uctp tribal member

Taino Foods

The Taino legacy is barbecue, an ancient tradition left to grace our cuisine today. The Taino diet relied heavily on vegetables, fruits, cassava, beans, barbecued meats and fish. Large animals were absent from their diet but smaller animals such as earthworms, lizards, beetles, birds and other mammals were caught.

Besides grilling, roasting and baking, the Tainos expanded cooking options to include a technique akin to jerking, which has become popular around the world. It is thought that jerk originated with the Maroons, descendants of the slaves who ran away from their Spanish slave masters to the mountains of Jamaica.

Meats are preserved by massaging it with a blend of natural seasonings such as peppers, scallion, thyme, pimento seeds and nutmeg – known now as jerk seasoning – and marinated for hours. Fish and meat were slowly roasted on a spit lined with pimento wood. Low heat and slow cooking retains the natural juices of the meat, which become infused with the flavour of the wood.

It has been said that the Maroons historically cooked underground to camouflage the smoke. Soups and stews were popular and it was out this group that the pepperpot soup emerged and is still popular today.

When Columbus claimed Jamaica for Spain, the Spanish brought pigs, goats and cattle, and so the island became a supplier of smoked and salted meat to Spanish ships en route to the Americas. Lard from the fat of animals was produced and exported. The Spanish introduced a number of fruit trees and plants such as the banana, plantain, sugar cane, Seville and Valencia oranges, coconut, tamarind, guinep and naseberry. The Spanish were fans of fried food and, as such, meals like escoveitched fish were developed. Other dishes introduced by the Spanish included oxtail and beans, stew peas and cow foot and beans.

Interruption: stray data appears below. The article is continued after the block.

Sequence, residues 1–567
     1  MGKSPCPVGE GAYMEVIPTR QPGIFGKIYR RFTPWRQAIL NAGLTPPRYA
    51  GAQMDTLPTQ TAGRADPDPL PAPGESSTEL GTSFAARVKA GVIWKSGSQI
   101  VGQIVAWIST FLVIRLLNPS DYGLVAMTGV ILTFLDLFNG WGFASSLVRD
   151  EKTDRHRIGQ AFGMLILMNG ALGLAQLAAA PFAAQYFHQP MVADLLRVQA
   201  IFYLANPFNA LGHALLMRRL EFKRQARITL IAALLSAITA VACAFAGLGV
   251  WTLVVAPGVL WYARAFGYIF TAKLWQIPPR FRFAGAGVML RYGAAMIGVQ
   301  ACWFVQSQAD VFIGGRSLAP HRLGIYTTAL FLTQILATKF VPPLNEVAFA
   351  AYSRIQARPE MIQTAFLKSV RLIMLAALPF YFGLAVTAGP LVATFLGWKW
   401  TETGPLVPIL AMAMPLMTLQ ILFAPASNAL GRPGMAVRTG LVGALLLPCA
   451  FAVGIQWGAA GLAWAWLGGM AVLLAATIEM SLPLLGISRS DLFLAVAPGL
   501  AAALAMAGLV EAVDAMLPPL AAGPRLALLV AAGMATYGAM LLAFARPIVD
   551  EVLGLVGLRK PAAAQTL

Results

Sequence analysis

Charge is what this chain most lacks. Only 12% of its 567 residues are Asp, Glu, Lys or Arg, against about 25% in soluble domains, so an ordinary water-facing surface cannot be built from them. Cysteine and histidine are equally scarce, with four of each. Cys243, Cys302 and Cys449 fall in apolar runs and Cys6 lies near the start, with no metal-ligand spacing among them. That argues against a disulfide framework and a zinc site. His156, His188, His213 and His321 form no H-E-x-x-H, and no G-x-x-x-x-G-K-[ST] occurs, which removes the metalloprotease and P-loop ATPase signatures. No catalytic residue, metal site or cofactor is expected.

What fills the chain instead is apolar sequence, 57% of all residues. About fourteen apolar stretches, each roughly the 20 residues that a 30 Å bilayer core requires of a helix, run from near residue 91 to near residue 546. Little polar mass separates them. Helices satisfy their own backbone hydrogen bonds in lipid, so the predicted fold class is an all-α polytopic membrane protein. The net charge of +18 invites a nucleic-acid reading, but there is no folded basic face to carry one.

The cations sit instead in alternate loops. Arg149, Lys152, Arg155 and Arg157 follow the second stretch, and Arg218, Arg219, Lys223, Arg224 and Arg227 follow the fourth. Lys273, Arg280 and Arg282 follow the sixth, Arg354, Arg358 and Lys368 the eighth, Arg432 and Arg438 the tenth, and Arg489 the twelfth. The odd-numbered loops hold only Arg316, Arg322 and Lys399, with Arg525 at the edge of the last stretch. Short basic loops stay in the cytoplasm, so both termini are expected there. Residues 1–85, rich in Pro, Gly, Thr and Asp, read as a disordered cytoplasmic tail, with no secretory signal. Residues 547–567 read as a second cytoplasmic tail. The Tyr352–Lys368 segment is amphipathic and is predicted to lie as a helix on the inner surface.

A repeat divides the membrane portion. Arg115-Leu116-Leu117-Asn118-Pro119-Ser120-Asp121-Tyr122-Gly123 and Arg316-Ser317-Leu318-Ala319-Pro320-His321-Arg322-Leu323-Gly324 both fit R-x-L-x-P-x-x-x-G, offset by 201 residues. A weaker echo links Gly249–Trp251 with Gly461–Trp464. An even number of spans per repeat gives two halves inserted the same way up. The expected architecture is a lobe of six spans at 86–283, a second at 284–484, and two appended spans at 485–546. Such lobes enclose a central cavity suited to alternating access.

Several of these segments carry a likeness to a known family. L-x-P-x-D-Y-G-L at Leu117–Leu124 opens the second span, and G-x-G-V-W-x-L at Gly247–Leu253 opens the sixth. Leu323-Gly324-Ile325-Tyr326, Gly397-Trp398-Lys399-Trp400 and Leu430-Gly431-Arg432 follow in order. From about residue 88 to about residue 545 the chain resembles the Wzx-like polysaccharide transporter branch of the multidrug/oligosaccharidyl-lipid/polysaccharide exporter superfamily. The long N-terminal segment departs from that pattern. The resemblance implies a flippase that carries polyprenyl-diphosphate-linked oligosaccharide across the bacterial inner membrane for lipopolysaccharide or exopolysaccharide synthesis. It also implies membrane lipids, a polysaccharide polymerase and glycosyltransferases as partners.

The fight for the control of the island between the Spanish and English resulted in the lengthy colonisation of the island by the English. There was an influx of African slaves who brought a piece of their own culture through the preparation of food. The Africans have left us with dokunu, or tie leaf. Later, Indian indentured labourers came to Jamaica to work on sugar plantations. They brought small amounts of their spices which added to the cultural mix in the pot.

Curried goat, popular in today’s cuisine, came here with the East Indians.

Chinese cooking was introduced to the island by indentured workers and Chinese merchants.

Ital cooking has been associated with Rastafarianism, a movement which revered former Ethiopian Emperor Haile Selassie I as a messiah who would return to save his people.

‘Ital’ is a variation on the word vital, essential to human existence. Ital, which has even made its way into the Oxford lexicon, is a way of preparing foods without the use of salt, meat, preservatives and colouring. Essentially, ital cooking uses ground provisions, peas, beans and nuts which are grown without fertilisers and other chemicals which speed the maturity of crops. On the occasion that animal protein is used, it may be fish or dried fish, not shellfish. Ital cooking is also considered vegetarian, focusing on the nutritive as well as the medicinal value of food.

The ital chef must be so versed that any vegetarian meals he/she prepares should be tasty, utilising a blend of herbs and spices. An important ingredient to tasty ital cooking is coconut milk, in which food is steeped. In addition to coconut milk, flavours come together from Scotch bonnet pepper, onions, scallion, thyme and pimento berries. The popular ital stew includes corn, beans, okra, carrots, garlic and coconut milk. Since no meat is used, the flavour is derived from the herbs and spices.

Taino Food Recipes. Please share your food reciepies, submit here to the publisher so we may share with others so to introduce Taino foods to our homes.